• Strategic Housing Land Availability Assessment (SHLAA) to identify where land for housing is available during the plan period.
  • Study to identify the existing and future supply of land to meet business requirements (alongside the SHLAA).

Commenting on the issues, vision and objectives

The local planning authority may consult on this stage of the plan through a variety of ways including an event or roadshow, with a stall at a local fair, festival or cultural event, or through a citizens' panel or other targeted methods. They may also consult more widely, such as through a leaflet to all homes, or articles in the press or in council magazines.

The local planning authority may hold a 'visioning exercise' to help set the vision and objectives for the Local Plan. People from organisations which represent a broad range of local people are likely to be invited to come along and take part in a workshop. Organisations invited to the event may include: local councils, groups representing particular ethnic or faith groups, the local primary care trust, the police, the education authority, local business groups, local economic partnerships, local wildlife trusts, the local business improvement district, key local employers, representatives of the farming community and landowners, residents' associations, and county/district/ local councillors. The aim is to reach a wide cross section of the community. The event may also be used to test that all the key local issues have been identified.

If your local planning authority doesn't plan to hold this sort of event, you could ask your parish or town council to set up a local meeting or informal workshop where the planning staff can be invited to talk to your group and hear the community's views.

Get involved: Attend a visioning exercise or local meeting. It's an excellent opportunity to find out more about the Local Plan, and contribute to the vision and objectives.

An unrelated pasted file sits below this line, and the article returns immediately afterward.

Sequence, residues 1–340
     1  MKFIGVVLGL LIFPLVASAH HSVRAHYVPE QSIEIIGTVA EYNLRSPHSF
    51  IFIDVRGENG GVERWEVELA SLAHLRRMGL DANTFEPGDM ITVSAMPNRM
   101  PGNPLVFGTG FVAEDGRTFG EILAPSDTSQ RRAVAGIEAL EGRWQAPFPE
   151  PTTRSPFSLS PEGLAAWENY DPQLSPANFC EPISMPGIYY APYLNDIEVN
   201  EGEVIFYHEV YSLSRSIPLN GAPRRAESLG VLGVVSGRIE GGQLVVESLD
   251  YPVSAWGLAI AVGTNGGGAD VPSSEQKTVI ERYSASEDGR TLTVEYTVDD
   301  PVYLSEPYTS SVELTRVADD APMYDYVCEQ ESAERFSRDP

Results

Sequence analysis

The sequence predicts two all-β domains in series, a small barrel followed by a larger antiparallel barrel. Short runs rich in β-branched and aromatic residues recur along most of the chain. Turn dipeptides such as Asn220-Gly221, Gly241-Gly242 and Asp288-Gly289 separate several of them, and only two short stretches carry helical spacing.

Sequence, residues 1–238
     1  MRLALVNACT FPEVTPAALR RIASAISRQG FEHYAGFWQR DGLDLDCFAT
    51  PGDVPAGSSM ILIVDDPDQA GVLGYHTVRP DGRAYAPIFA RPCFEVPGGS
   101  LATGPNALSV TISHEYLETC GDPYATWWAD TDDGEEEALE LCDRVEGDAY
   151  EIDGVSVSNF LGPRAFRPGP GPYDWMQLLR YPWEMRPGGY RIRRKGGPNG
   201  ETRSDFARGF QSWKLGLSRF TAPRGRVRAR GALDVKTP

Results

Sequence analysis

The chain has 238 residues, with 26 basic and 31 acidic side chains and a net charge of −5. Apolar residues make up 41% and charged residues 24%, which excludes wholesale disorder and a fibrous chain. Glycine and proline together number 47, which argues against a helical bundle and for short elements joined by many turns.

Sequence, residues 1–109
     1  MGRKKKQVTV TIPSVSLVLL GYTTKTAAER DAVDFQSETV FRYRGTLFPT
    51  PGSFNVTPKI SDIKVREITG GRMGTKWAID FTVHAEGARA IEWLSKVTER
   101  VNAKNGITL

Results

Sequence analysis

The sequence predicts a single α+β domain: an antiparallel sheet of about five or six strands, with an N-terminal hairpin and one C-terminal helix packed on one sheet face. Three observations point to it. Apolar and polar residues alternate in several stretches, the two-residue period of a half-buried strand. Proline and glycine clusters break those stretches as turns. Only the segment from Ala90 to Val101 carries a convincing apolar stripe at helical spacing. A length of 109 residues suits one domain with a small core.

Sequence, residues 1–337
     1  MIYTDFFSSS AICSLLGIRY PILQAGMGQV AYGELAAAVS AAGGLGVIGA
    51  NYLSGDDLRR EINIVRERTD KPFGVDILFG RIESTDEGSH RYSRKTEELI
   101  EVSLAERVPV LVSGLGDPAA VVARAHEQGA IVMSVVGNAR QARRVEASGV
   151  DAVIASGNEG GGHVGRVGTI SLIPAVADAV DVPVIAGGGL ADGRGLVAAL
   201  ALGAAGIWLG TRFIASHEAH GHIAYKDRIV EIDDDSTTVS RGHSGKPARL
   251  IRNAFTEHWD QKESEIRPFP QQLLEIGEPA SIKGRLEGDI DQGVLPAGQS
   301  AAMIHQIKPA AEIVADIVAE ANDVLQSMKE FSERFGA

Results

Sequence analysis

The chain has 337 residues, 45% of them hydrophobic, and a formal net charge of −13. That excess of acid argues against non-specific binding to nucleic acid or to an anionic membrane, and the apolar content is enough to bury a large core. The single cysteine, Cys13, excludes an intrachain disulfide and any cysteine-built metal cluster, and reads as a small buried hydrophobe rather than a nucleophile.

Get involved: Make your comments at an event or roadshow, or write a written response to a more formal consultation exercise. See the box below for possible questions which may be asked by the local planning authority, or which you should ask to guide your response.

Commenting on the issues, vision and objectives

Questions to ask yourself:

  • Have the right issues been identified? Is anything missing?
  • Do you agree with the vision? If not, how should it be changed? Does it clearly relate to the needs and aspirations of people and communities in the local area, and local issues identified?
  • Do you think the objectives will achieve the vision? If not, can you suggest changes?
  • Are you happy that all the right things have been considered? If not, what other things would you like to be considered in the vision and objectives?
  • Do the issues, vision and objectives flow from the Sustainable Community Strategy which sets out key local issues? If not, is it clear why not?
  • Does the evidence used to frame the objectives seem reasonable? Are the objectives responding to a local issue/need for which there is clear evidence?

NextStep 3: Comparing options for the spatial strategy

Further reading

Lanscape Character Assessment
Sustainable Community Strategies

Reference information

Local Development Documents